Foundations Of Cognitive Science

Outer Product

An outer product is a procedure in linear algebra that combines two vectors (Banchoff & Wermer, 1992). Let a be a column vector with x entries, and let b' be a row vector with y entries. The outer product of these two vectors is D = ab' where D will be a matrix that will have x rows and y columns. Each entry in the matrix produced by computing the outer product arises by multiplying an entry in the first vector by an entry in the second vector. In general, the value in matrix D found at row q and column r is equal to the q-th entry of a multiplied by the r-th entry of b'. Note that the outer product requires the first vector being combined to be a column vector, and the second vector being combined to be a row vector. If the reverse is true, an inner product will be computed, producing a single number, not a matrix!

The inner product, like most basic operations of linear algebra, is important to mathematically describing various operations in connectionist networks (Jordan, 1986). A distributed associative memory is a system that stores associations between the patterns of activity in two different sets of processing units. The outer product of the two vectors representing these sets of activities computes the desired weight changes for this system if the Hebb learning rule is being used to perform the association (Dawson, 2004).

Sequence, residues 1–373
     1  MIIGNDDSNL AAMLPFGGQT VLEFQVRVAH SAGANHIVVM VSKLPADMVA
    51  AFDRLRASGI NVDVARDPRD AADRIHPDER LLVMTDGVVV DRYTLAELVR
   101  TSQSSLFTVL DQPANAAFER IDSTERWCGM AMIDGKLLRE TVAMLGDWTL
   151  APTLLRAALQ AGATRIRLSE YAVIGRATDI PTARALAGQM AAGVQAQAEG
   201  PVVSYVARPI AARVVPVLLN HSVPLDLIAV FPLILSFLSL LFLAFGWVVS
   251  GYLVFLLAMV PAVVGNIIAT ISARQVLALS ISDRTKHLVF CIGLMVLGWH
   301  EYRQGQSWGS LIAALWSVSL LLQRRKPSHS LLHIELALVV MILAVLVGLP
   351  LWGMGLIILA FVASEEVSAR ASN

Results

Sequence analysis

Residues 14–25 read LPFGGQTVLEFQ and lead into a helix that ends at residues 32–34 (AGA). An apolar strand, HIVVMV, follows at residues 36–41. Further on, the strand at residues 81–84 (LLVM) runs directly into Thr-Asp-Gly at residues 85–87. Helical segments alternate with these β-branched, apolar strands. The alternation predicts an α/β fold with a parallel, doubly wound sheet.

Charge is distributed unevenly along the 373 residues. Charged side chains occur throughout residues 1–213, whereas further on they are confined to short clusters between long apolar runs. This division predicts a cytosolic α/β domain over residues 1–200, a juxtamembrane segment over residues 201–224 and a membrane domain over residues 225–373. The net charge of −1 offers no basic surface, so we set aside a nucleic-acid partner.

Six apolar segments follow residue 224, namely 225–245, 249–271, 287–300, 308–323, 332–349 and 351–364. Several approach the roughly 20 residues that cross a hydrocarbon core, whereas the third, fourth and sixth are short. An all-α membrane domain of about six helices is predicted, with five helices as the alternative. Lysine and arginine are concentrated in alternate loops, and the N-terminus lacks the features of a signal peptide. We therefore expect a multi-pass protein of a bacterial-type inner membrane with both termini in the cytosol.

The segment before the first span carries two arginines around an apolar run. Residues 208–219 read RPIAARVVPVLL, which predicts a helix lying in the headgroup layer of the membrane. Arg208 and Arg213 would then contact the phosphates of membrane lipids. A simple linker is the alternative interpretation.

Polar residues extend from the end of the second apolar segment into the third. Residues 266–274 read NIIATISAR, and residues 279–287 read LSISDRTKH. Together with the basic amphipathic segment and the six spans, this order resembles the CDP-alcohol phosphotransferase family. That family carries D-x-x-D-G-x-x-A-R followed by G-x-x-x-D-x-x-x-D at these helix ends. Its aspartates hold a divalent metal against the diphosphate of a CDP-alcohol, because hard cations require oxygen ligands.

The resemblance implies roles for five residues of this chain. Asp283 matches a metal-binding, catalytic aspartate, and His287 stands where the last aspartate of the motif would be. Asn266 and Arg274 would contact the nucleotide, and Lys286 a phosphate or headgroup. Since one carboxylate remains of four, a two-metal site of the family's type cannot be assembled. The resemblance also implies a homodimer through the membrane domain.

1. Banchoff, T., & Wermer, J. (1992). Linear Algebra Through Geometry. New York, NY: Springer.
  2. Dawson, M. R. W. (2004). Minds And Machines : Connectionism And Psychological Modeling. Malden, MA: Blackwell Pub.
  3. Jordan, M. I. (1986). An introduction to linear algebra in parallel distributed processing. In D. Rumelhart & J. McClelland (Eds.), Parallel Distributed Processing, Volume 1 (pp. 365-422). Cambridge, MA: MIT Press.

(Added January 2010)